The hearing by the state Supreme Court is not a resolution of the C-8 lawsuit itself. It's brought on by a pair of issues raised by attorneys for DuPont Washington works. While several area residents, and even some former company employees have claimed illness and other health effects by the chemical, DuPont has claimed C-8 is safe.
"There's been information out there taking data from laboratory animals and implying they're seeing the same effects as humans, and that's simply not factual," says Dr. Robert Rickard.
But earlier this year, Wood County circuit judge George Hill ruled DuPont should pay for blood tests of the plaintiffs, to determine whether in fact they suffered any ill effects from the chemical.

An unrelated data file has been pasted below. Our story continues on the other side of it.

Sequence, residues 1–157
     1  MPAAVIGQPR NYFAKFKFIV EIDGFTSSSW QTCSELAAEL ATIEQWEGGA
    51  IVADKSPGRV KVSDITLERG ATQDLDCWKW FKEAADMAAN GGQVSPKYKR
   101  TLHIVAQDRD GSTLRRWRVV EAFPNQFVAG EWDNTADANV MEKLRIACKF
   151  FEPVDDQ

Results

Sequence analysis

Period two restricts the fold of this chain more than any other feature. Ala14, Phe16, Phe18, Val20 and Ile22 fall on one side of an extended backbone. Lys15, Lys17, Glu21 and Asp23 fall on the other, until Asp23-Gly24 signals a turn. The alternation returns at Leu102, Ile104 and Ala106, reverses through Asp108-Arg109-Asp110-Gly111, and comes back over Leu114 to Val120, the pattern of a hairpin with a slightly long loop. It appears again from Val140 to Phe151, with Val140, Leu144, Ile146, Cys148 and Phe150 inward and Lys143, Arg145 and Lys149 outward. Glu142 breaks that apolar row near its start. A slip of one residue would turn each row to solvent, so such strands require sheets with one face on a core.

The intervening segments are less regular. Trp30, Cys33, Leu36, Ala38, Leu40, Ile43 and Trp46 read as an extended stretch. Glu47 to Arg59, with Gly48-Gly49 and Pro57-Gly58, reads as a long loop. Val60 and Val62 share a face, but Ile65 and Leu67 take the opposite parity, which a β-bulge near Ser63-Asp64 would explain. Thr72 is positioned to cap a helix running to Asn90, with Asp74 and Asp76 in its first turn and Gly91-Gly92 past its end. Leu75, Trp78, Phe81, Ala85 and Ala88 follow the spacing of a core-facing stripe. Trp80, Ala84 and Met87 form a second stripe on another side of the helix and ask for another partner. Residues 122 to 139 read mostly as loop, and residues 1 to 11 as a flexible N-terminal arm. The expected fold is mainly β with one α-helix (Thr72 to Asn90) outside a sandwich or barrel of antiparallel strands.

"The testing of course will be voluntary in that it will only apply to people who want to have their blood tested...it will be involuntary in a sense that DuPont will be ordered to pay for the testing for the people who want the test," says Harry Deitzler.
There are issues on both sides of this suit. In the case of the plaintiffs, their health and well-being. In the case of DuPont, the future use of a chemical, which is a major component of a heavily manufactured product at Washington Works. The company's lawyers also want Judge Hill recused from the case, saying he is from the area from where residents claim the water is polluted.
The high court may be asked to revisit a four-year-old case Hill used in his ruling, in which it determined West Virginia companies could be forced to pay for toxic exposure testing. Lawyers for Parkersburg-area residents say the appeal is simply an effort to indefinitely delay trial in the underlying case.